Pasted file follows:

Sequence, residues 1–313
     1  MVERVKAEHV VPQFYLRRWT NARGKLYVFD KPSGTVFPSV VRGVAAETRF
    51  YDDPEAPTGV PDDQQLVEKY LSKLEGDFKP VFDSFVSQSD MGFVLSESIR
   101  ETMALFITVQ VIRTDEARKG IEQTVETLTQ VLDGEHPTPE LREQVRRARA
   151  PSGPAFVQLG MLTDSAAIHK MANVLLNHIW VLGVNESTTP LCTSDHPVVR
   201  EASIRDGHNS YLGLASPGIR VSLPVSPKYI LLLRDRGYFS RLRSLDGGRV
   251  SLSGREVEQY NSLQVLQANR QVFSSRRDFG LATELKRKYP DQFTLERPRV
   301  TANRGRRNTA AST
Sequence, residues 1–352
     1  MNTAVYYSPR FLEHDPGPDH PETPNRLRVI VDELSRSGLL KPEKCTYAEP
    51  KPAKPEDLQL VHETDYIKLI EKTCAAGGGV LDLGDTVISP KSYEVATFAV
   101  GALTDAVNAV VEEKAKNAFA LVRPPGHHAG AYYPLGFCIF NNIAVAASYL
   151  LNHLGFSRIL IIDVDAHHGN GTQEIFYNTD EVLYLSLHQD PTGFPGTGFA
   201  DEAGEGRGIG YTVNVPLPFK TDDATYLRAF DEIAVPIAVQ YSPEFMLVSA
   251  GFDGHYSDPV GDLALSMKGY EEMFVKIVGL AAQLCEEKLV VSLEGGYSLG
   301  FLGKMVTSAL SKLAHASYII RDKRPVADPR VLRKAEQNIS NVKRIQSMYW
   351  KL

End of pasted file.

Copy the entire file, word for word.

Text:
Sequence, residues 1–313
     1  MVERVKAEHV VPQFYLRRWT NARGKLYVFD KPSGTVFPSV VRGVAAETRF
    51  YDDPEAPTGV PDDQQLVEKY LSKLEGDFKP VFDSFVSQSD MGFVLSESIR
   101  ETMALFITVQ VIRTDEARKG IEQTVETLTQ VLDGEHPTPE LREQVRRARA
   151  PSGPAFVQLG MLTDSAAIHK MANVLLNHIW VLGVNESTTP LCTSDHPVVR
   201  EASIRDGHNS YLGLASPGIR VSLPVSPKYI LLLRDRGYFS RLRSLDGGRV
   251  SLSGREVEQY NSLQVLQANR QVFSSRRDFG LATELKRKYP DQFTLERPRV
   301  TANRGRRNTA AST
Sequence, residues 1–352
     1  MNTAVYYSPR FLEHDPGPDH PETPNRLRVI VDELSRSGLL KPEKCTYAEP
    51  KPAKPEDLQL VHETDYIKLI EKTCAAGGGV LDLGDTVISP KSYEVATFAV
   101  GALTDAVNAV VEEKAKNAFA LVRPPGHHAG AYYPLGFCIF NNIAVAASYL
   151  LNHLGFSRIL IIDVDAHHGN GTQEIFYNTD EVLYLSLHQD PTGFPGTGFA
   201  DEAGEGRGIG YTVNVPLPFK TDDATYLRAF DEIAVPIAVQ YSPEFMLVSA
   251  GFDGHYSDPV GDLALSMKGY EEMFVKIVGL AAQLCEEKLV VSLEGGYSLG
   301  FLGKMVTSAL SKLAHASYII RDKRPVADPR VLRKAEQNIS NVKRIQSMYW
   351  KL